Hundreds of Vail Valley students walk out of class to honor 17 slain in Florida, demand action in school safety
Students somber, reflective during Vail Mountain School walkout
VAIL — More than 200 Vail Mountain School students, teachers, faculty and parents reflected silently at the National Student Walkout on Wednesday, March 14.
VMS junior Mel McCalley and senior Christie Spessard organized the event.
“We gather here to remember the 15 students and two teachers who lost their lives while attending Marjory Stoneman Douglas High School in Parkland, Florida on Feb. 14,” McCalley said. “Other students and teachers from schools across the nation are doing the same to memorialize the victims of this tragedy and to come together to demand action to stop school shootings. Let us spend the next 17 minutes in silent reflection to honor the victims of Stoneman Douglas and all other school shootings.”
When the Parkland incident occurred, McCalley emailed Spessard and suggested the walkout.
While other schools chose to march, VMS sat.
“I think sitting is a little less divisive than actually marching with signs. Some people have very strong opinions, and we want everyone to come together,” McCalley said.
Chavez said they sat “mainly to memorialize those 17 victims of the shooting. Sitting is a powerful time to reflect and our hope is to get people talking about school shootings, let them form their opinions and let others hear those opinions.”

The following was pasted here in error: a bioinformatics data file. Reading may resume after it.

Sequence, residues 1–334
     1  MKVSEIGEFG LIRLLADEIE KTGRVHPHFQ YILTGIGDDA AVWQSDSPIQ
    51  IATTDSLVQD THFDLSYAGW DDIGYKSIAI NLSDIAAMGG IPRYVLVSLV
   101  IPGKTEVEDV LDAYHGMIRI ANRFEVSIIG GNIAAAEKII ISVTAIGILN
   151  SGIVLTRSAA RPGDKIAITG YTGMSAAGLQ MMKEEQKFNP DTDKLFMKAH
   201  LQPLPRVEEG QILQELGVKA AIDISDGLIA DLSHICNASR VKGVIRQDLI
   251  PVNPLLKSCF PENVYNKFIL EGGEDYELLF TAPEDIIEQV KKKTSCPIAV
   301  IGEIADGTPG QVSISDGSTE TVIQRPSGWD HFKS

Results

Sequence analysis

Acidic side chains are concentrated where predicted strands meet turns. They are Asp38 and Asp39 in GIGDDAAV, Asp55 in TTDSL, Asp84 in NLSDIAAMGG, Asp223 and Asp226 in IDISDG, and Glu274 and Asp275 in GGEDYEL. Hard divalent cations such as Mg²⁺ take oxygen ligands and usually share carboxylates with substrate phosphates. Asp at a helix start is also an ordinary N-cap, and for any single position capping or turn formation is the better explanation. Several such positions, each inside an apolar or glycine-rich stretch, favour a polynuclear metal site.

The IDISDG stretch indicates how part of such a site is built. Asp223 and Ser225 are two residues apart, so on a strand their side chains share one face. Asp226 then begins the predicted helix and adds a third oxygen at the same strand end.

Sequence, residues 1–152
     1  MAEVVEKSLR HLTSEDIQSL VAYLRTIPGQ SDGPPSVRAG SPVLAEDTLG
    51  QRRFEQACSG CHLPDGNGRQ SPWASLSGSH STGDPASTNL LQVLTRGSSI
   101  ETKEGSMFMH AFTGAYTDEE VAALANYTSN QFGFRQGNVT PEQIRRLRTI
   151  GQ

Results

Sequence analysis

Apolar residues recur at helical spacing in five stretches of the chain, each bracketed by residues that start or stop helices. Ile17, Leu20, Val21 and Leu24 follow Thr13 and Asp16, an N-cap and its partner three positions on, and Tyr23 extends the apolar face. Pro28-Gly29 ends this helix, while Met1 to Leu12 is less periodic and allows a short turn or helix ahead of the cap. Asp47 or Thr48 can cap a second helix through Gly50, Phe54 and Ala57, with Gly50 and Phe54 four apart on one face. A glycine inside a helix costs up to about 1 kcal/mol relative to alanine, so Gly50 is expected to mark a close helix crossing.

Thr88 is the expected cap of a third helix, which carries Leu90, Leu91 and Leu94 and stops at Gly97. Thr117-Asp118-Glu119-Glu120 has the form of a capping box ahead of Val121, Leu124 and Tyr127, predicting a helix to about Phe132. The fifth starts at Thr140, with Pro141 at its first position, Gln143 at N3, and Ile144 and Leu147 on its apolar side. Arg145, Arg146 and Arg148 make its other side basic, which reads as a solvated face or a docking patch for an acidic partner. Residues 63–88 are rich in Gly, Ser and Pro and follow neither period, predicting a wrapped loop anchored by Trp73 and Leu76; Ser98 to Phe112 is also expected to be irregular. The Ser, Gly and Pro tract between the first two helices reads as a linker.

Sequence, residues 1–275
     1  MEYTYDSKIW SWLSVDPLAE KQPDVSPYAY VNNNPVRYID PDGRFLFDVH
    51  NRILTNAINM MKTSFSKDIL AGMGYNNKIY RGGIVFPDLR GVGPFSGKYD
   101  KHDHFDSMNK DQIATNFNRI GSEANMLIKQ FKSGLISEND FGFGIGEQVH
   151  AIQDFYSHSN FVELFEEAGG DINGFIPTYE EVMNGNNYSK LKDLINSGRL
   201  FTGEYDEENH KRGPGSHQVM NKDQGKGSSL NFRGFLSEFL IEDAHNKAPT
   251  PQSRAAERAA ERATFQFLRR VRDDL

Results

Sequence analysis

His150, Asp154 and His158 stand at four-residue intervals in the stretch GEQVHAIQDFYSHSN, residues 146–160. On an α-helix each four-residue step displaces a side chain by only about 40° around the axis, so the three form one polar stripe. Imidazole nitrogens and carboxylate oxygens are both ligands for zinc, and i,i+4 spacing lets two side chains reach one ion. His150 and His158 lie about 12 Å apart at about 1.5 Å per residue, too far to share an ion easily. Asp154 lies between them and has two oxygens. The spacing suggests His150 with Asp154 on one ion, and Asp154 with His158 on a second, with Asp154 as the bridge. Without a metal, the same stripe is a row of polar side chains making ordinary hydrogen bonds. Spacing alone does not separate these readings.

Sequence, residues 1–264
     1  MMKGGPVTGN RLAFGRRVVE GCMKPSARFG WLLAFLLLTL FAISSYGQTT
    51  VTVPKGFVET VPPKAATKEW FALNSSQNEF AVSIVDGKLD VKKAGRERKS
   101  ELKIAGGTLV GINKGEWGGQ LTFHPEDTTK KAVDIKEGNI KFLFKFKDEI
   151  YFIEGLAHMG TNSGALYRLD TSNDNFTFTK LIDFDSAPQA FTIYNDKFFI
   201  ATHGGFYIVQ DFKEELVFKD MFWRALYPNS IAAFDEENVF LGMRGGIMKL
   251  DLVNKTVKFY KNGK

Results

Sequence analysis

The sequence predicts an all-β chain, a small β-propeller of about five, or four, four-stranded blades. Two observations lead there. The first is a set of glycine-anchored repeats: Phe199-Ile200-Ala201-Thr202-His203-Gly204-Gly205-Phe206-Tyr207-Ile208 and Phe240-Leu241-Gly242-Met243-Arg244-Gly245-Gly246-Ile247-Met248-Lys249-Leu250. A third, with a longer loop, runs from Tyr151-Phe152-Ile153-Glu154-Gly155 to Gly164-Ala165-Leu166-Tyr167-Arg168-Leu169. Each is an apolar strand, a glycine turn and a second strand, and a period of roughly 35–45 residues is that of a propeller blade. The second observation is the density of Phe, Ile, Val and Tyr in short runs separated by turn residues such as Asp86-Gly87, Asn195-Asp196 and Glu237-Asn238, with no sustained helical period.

Freshman Katy Jane Hardenbergh added, “We understand this is a long time, but we would like for you to use it to think about the victims and the severity of the issue of school safety and shootings.”
During the somber 17 minutes, students hugged, held hands and shed tears.
Hannah Hopkins, a junior, participated because she “wanted to stand up for the people who got shot at the school.”
Sophomore Marley Chappell took part because she “doesn’t want to see this happen in another school.”
Spessard rang a Tibetian Singing Bowl to announce the end of the 17 minutes.
“We hope that this time has helped you to reflect on the seriousness of the issue of school shootings in the United States,” Spessard said. “I believe that we can all agree upon the fact that something must be done differently in our country so that children are safe at school, and so that Americans don’t have to live in fear.
“I encourage you to take some time to educate yourself on this issue, form your own opinions, have discussions and debates, and find ways to take action as an individual. This affects all of us in different ways, but our unity should give us hope for change and a better future.”
Following the walkout, Spessard, McCalley, Hardenbergh and senior Alicia Chavez gathered for a roundtable discussion about mass shootings and schools.
“After the Vegas shooting, I was really affected in a different way than I had been with other shootings,” Spessard said.
At a weekly gathering of upper-school students, Spessard announced that she wanted to start conversations about mass school shootings, and if anyone wanted to “make change” to come and join her. She created a group of about 50 students and teachers to discuss current issues affecting the country and educate individuals on “ways how to act and make change in our own small community.”
Hardenbergh added, “Hopefully this will make people discuss what is going on and think about these things.”
— Laura Bell
EAGLE — Our children practice lockdown drills the way their parents and grandparents practiced duck-and-cover drills.
For parents and grandparents looking back, it may seem the same.